• Weight and head circumference: In 2012, just 16 percent of all infants discharged from the unit were below the third percentile for weight and head circumference, while 39 percent were in 2009. These factors are linked to cognitive and physical disabilities.

• Oral feeding rates: In 2012, 84 percent of infants were being fed completely orally, rather than through a feeding tube, upon discharge, compared to 65 percent in 2009. CHOC’s SBU practices infant-driven feedings, wherein the baby drives her own advancement of nipple feeding – not staff.

• Infection rates: In 2012, 15 percent of infants suffered hospital-borne infections, while 41 percent did in 2009. The SBU attributes this dramatic shift to a team approach, a reduction in central lines and excellent hygiene among staff and families.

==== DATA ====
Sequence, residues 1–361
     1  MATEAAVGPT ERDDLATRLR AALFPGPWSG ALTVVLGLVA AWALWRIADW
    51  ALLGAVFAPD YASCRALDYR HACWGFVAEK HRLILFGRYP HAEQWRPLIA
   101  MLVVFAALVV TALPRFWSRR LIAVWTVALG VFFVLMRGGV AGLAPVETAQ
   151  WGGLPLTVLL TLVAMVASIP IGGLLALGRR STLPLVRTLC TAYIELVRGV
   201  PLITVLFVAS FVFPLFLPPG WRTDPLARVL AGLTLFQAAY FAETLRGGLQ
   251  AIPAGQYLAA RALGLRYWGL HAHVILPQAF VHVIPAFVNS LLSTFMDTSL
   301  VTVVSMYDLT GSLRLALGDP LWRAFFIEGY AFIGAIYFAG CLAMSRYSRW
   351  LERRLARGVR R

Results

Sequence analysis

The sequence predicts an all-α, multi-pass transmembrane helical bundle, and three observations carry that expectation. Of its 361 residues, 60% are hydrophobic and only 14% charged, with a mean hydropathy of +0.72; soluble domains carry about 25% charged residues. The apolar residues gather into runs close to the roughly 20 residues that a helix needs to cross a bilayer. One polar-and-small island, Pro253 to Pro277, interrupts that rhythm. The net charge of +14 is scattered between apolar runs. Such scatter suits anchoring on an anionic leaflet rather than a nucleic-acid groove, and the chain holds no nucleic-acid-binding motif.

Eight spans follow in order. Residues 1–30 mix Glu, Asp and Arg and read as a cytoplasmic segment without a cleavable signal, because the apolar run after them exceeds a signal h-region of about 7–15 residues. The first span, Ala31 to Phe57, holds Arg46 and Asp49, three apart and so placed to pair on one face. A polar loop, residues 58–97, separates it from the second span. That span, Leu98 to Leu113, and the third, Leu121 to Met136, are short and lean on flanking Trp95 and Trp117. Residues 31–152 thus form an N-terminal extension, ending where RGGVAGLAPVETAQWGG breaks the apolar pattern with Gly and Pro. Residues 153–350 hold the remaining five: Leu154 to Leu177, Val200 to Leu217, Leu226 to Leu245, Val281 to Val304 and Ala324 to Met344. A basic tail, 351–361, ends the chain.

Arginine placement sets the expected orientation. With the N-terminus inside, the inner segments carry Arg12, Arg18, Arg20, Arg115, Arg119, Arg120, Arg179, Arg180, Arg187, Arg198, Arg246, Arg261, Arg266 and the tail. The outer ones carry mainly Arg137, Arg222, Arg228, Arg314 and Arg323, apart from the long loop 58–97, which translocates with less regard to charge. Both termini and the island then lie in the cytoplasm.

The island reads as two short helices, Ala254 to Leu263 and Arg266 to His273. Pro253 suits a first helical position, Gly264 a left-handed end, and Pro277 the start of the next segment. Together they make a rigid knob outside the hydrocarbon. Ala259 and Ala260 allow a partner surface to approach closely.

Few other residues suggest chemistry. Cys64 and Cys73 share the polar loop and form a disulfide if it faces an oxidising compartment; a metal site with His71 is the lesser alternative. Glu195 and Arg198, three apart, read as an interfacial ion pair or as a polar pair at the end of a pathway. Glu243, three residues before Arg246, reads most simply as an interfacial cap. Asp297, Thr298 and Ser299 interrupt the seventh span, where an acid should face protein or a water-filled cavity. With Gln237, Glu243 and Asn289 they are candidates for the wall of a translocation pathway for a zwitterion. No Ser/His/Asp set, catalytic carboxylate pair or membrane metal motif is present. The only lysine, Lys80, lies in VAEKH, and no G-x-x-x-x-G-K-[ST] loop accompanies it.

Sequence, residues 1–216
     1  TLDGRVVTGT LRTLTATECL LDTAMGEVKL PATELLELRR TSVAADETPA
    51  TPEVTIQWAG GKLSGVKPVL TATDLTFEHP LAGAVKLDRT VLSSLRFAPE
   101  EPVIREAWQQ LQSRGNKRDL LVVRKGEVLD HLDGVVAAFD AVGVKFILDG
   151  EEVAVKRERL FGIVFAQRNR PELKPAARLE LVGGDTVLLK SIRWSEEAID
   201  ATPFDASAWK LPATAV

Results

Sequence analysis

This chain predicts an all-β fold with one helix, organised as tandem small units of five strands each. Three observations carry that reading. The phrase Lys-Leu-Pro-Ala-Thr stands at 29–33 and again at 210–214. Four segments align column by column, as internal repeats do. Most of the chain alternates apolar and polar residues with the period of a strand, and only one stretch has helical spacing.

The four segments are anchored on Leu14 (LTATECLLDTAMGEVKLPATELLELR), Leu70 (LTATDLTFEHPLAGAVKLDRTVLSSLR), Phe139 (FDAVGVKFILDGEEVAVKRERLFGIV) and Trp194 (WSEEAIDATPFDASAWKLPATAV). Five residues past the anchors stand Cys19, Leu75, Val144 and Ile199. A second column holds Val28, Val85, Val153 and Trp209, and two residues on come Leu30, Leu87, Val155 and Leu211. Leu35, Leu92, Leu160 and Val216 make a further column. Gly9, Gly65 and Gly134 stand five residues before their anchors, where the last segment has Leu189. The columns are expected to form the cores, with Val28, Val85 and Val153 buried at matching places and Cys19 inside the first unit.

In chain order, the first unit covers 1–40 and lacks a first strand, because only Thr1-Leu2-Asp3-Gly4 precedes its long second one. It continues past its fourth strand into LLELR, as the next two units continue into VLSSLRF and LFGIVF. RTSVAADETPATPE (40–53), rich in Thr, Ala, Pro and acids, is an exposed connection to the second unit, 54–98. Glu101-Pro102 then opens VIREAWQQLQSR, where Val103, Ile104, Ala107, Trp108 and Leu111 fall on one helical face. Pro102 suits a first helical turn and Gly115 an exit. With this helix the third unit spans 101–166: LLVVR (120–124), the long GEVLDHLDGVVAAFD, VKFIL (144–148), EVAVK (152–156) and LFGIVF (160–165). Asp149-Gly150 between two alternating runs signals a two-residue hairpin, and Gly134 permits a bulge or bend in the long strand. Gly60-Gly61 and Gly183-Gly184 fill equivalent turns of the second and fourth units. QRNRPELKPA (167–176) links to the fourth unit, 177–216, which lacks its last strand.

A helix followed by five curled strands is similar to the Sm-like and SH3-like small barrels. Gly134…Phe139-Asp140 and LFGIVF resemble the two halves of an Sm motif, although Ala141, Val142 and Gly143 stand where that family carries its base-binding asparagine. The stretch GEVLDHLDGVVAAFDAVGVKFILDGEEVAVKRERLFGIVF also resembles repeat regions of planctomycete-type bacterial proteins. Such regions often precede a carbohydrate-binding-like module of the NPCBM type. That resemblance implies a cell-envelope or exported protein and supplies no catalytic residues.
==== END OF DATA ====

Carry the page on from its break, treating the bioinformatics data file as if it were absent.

• Chronic lung disease rates: In 2012, 27 percent of infants left the unit with chronic lung disease, compared to 45

Emma Faith today.
Emma Faith today.

percent in 2009. This common condition for premature babies can have long-lasting ramifications including re-hospitalization and poor neurodevelopment. Related, in 2012, 11 percent of infants went home from CHOC’s SBU on oxygen support, while 32 percent did in 2009.

• Labs and X-rays: The numbers of labs and X-rays have each been reduced by about half since 2009.

The unit opened in 2010. Though preterm infants were already receiving exceptional care in the NICU, CHOC physicians recognized that increasing medical literature-based efforts could improve outcomes.

Specifically, research indicates that babies with extremely low birth weights (ELBW) could greatly benefit from guideline-driven care provided by dedicated and specially trained staff inside a low-stimulus environment.

Three years later, the SBU is doing just that.